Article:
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Evaluators, Explainers, Planners: The Importance of Basic Conceptions of What We Are Like as Agents

  • Author(s): Mitchell-Yellin, Benjamin
  • Advisor(s): Reath, Andrews
  • et al.
Abstract

This dissertation focuses on two questions: What is right/wrong action? What is self-governed action? I argue that prominent, contemporary answers to these questions--moral theories and theories of self-governance, respectively--are grounded in basic conceptions of what we are like as agents. The substance of these theories can be explained, ultimately, in terms of a conception of what is fundamental to human agency. And I show how this observation has significant implications for how we should understand debates about which of these theories is best.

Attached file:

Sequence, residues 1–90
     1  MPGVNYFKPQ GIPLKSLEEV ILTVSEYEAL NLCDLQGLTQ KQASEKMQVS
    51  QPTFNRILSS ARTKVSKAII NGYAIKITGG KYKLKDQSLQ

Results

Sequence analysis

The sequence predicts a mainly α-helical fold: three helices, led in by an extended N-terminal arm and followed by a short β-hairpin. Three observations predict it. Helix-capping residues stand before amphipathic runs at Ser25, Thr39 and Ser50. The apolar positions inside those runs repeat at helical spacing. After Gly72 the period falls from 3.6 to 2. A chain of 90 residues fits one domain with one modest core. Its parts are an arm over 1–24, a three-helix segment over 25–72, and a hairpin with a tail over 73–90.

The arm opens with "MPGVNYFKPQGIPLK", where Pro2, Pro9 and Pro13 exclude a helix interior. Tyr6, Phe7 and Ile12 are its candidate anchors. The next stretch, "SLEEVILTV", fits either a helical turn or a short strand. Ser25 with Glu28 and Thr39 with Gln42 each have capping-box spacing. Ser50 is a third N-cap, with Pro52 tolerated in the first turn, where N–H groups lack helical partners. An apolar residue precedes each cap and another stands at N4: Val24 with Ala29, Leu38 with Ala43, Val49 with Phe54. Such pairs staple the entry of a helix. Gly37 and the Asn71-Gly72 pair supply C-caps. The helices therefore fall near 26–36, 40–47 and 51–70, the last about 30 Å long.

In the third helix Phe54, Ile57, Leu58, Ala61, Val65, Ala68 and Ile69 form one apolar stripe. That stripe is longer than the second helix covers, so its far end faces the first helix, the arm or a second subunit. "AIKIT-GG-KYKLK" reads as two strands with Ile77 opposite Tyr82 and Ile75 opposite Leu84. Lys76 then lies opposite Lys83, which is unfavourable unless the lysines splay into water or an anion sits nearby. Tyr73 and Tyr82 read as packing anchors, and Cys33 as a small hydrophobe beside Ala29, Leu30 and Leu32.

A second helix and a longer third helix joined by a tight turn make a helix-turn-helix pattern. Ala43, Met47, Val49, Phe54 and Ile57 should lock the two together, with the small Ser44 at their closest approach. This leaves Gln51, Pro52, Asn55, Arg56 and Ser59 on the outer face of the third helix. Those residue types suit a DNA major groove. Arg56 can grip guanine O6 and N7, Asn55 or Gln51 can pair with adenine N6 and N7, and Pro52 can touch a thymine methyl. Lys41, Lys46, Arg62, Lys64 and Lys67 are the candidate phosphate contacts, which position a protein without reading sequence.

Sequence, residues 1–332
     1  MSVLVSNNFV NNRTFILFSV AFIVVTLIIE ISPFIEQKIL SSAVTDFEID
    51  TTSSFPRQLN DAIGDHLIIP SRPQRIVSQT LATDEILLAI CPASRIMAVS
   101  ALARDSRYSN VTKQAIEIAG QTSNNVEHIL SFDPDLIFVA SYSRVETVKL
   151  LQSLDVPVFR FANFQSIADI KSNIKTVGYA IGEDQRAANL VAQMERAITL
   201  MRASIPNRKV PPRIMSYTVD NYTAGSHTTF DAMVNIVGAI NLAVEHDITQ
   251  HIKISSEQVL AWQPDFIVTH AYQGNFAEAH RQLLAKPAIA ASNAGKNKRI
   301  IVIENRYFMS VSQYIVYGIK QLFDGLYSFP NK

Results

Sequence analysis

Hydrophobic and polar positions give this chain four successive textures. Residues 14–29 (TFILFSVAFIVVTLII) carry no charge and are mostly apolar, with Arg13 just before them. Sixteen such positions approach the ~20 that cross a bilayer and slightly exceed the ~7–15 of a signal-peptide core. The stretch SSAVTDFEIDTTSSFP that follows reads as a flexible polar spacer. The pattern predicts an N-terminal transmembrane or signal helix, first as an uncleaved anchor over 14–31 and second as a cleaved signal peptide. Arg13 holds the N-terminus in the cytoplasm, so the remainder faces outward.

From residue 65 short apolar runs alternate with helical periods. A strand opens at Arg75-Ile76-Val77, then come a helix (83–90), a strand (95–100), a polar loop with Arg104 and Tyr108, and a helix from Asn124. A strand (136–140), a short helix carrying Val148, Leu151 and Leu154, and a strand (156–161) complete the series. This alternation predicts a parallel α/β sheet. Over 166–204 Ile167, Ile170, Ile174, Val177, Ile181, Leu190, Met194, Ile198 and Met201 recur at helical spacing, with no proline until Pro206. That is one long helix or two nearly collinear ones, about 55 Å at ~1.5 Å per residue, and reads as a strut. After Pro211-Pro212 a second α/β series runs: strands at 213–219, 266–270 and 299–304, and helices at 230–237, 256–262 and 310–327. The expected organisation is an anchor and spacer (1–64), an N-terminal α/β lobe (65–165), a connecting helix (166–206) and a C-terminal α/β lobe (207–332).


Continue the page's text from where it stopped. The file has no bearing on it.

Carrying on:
I focus on three basic conceptions of what we are like as agents: the evaluator, explainer and planning conceptions. I show that three of the leading theories of self-governance are each grounded in a different one of these conceptions and how this affects the debate about which theory is best. This way of looking at the dialectic tells against a common way of arguing against rival views. Arguments that appeal to intuitions about cases in order to generate counterexamples are not apt to be fair or persuasive because they too easily invoke contentious conceptions of what we are like as agents. But it suggests an alternative way to proceed. One can muster a holistic argument in favor of one's preferred basic conception, showing that it can ground independently plausible philosophical theories of various kinds. I suggest how such an argument might go for the evaluator conception, considering its merits as grounds for both a comprehensive theory of human agency and a moral theory.

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